Are you a fan of the bizarre springing from seemingly drab places? Or reading about the ordinary turning miraculous in the strangest ways?
Then you may like magical realism, or realistic stories involving elements of fantasy, magic, or the unexplainable. Think Like Water for Chocolate, Life of Pi, 100 Years of Solitude, or Labyrinths. How about using the time off this holiday to explore a different genre of fiction? One great collection of short stories featuring magical realism is Tenth of December by George Saunders.
One of the most important and blazingly original writers of his generation, George Saunders is an undisputed master of the short story, and Tenth of December is his most honest, accessible, and moving collection yet.
In the taut opener, “Victory Lap,” a boy witnesses the attempted abduction of the girl next door and is faced with a harrowing choice:Does he ignore what he sees, or override years of smothering advice from his parents and act? In “Home,” a combat-damaged soldier moves back in with his mother and struggles to reconcile the world he left with the one to which he has returned. And in the title of the story, a middle-aged cancer patient walks into the woods to commit suicide, only to encounter a troubled young boy who, over the course of a fateful morning, gives the dying man a final chance to recall who he really is. A hapless, deluded owner of an antique store;two mothers struggling to do the write thing; a teenage girl whose idealism is challenged by a brutal brush with reality; a man tormented by a series of pharmaceutical experiments that force him to lust, to love, to kill–the unforgettable characters that populate the pages of Tenth of December are vividly and lovingly infused with Saunders’s signature blend of exuberant prose, deep humanity, and stylistic innovation.
Writing brilliantly and profoundly about class, sex, love, loss, work, despair, and war, Saunders cuts to the core of the contemporary experience. These stories take on the big questions and explore the fault lines of our own morality, delving into the questions of what makes us good and what makes us human.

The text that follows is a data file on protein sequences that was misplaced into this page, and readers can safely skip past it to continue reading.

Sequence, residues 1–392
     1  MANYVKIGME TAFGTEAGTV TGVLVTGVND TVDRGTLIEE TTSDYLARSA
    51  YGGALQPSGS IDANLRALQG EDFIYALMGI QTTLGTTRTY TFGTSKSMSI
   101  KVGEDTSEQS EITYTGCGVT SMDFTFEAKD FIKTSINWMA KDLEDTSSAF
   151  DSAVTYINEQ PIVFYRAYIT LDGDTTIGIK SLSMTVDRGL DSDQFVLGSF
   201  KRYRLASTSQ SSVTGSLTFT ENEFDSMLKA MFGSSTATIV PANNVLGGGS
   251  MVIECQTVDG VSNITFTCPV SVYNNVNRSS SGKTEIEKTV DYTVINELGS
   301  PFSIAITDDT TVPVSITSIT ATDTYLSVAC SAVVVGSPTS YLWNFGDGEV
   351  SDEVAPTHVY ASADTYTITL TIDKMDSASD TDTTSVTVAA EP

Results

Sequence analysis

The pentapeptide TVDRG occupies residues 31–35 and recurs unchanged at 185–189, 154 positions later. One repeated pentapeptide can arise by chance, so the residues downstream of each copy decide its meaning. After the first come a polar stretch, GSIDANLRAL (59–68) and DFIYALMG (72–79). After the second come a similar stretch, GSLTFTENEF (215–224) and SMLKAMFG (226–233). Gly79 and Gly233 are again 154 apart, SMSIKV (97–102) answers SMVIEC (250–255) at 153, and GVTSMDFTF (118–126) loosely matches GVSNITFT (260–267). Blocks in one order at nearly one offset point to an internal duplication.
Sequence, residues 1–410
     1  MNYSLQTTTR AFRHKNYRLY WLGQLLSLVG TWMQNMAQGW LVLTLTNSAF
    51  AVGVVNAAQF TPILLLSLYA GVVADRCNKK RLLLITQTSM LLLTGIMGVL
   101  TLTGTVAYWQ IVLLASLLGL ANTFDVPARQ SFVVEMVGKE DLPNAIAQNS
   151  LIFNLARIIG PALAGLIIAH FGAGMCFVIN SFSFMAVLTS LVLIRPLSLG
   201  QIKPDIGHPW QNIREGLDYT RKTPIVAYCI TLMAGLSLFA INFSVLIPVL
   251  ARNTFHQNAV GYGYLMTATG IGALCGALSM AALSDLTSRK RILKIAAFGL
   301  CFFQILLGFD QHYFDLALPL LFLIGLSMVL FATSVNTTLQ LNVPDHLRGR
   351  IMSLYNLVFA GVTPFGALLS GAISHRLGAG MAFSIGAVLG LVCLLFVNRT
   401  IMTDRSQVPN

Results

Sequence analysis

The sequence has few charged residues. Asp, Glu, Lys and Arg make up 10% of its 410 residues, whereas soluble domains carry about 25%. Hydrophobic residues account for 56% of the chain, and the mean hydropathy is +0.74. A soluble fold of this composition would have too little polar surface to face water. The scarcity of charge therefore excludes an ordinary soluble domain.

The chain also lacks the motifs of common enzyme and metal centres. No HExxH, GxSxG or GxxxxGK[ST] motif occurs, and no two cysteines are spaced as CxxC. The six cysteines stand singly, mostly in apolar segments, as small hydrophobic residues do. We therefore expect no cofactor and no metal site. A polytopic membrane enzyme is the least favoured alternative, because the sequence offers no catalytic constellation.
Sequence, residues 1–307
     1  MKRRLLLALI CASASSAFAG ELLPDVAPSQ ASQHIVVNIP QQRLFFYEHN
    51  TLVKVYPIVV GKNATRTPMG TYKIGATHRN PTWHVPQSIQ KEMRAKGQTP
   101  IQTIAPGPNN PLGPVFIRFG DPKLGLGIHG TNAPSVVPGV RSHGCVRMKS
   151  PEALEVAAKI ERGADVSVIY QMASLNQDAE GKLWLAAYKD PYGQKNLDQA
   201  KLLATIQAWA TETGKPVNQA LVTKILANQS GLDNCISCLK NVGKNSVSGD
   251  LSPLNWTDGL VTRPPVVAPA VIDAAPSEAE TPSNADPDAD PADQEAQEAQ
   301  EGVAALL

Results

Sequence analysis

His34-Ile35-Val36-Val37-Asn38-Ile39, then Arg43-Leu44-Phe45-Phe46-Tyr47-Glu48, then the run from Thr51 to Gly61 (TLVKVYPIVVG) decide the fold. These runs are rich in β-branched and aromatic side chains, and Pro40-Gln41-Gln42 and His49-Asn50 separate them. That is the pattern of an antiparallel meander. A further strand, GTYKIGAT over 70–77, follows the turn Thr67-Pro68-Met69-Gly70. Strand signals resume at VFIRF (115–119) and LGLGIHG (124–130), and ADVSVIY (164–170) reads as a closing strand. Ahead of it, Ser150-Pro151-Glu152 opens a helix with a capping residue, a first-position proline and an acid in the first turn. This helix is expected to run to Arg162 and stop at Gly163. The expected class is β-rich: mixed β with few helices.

Unsettling, insightful, and hilarious, the stories in Tenth of December–through their manic energy, their focus on what is redeemable in human beings, and their generosity of spirit–not only entertain and delight; they fulfill Chekhov’s dictum that art should “prepare us for tenderness.”
One of my favorite things to read is a good short story. After reading Saunders’s previous collection, Pastoralia, I was recommended Tenth of December, another collection of short stories that features magical realism intertwined with dark comedy, creating a bewitching set of stories that extracts the stange from the normal and the normal from the strange. The contrasting tones of each story show how odd situations can become normal and how the normal can become odd. If you’re looking for something that’s perhaps out of your comfort zone, that bridges the gap between fantasy and realism, pick up a copy of Tenth of December before the library takes a holiday break. Why not read Tenth of December while it’s still December?
Also by Saunders:
In this collection of just five short stories, Saunders details different American experiences, often people down on their luck, but hoping for the best. Saunders commedically exaggerates American culture, but it turns out looking fairly accurate, despite the at times hyperbolic situations. These stories are clever, sad, but often darkly funny. You may even find yourself rooting for some of the most flawed characters and their far-reaching dreams.
During the beginning of the civil war, President Lincoln loses his eleven-year-old son, Willie and Lincoln visits his crypt to hold his body. Willie is gone, but he is stuck in the in-between, along with other ghosts. In this transitional time between life and death, called the bardo, while the North and South wage war, another battle follows suit for Willie’s soul